On the 8th of June 2019, a fire in Eunice Kelly’s flat in Greater Manchester was contained before it could spread to the other 57 homes in her block. The building is run by ForHousing group, which spent £ 5 million on sprinklers in its 17 tower blocks after Grenfell. Assets director Mark Lowe said: “This single situation has made the investment worthwhile.” This is another example of countless lives saved by the simple sprinkler system installation.
Another example of such success comes from the 6th of January 2019. A fire which started just after midnight on 6 January in the kitchen of a flat on the 11th floor of Tamar House was contained and fully extinguished by the retrospectively installed sprinkler system. Devon & Somerset Fire & Rescue Service promotes the installation of sprinklers in high-rises and many other types of residential premises, as there is clear evidence that sprinklers can rapidly control the spread of fires.
The issue, however, is not just in residential buildings. Fires in Industrial and Commercial premises can have a severe impact on both the national and local economy. There are also significant risks of job losses from such fires, which subsequently cause social and economic impacts on the community and environmental damage. Furthermore, school fires are an increasing problem causing many millions of pounds of damage. Installing sprinklers into school premises will reduce the massive cost to society and ensure less disruption to students following fires.
One of the most significant barriers to mass sprinkler adoption today is the many myths the public believes. Some worry that the water damage caused by a sprinkler system can be as damaging as a fire. However, a residential sprinkler system is designed to use just enough water to control the fire. Typically, one sprinkler head discharges 38-40 litres of water a minute compared to a firefighter's hose at 1000 litres a minute. This minimises water damage, and a room protected by sprinklers can often be back in use within a couple of hours.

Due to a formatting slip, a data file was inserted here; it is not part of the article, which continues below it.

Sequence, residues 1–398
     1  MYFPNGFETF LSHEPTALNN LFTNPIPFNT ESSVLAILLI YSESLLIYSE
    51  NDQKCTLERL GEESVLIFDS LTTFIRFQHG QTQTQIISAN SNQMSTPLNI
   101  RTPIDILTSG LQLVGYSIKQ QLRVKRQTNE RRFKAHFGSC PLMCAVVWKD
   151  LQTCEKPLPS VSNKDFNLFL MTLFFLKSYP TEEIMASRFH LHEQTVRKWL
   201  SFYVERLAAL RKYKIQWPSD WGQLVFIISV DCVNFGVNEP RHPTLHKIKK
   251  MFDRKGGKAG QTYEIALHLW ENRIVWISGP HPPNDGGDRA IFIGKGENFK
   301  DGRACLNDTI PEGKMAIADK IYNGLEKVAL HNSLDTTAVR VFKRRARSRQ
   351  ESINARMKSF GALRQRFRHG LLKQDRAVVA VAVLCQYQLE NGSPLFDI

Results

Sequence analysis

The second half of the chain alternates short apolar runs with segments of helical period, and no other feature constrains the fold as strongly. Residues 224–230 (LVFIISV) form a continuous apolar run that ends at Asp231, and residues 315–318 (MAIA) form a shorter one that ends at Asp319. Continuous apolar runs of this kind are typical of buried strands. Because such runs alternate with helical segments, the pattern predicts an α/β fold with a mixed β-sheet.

You can expect a fire sprinkler to discharge less than 5% of the fire service's water. Statistics show that widespread use of sprinklers could save up to 96% of the 5.6 billion litres of water used annually in the UK to fight large fires. This is equivalent to three months’ water supply for the entire population of a city the size of Leeds.
Their perceived costs are another huge barrier to businesses and housebuilders installing sprinklers. Contrary to popular opinion, they only cost around £1/sq. ft in new homes, which comes to approximately £1500 for a three-bedroom house; typically, how much is spent on the carpets.
Sprinklers can also save on building costs because, under the UK Building Regulations, larger compartment sizes, reduced boundaries, and extended distances to fire exist are permitted. Insurance companies may also offer significant discounts for buildings protected by sprinklers.
Retrofitting sprinkler systems can be fitted into existing buildings. One company installed sprinklers into a significant London Hotel whilst the hotel was over 95% occupied, proving that disruption can be minimal.
It is vital, then, that we continue to push for fire sprinklers to be installed in residential and commercial and governmental buildings. Additionally, this is a manageable goal that could be achieved and potentially save innumerable lives.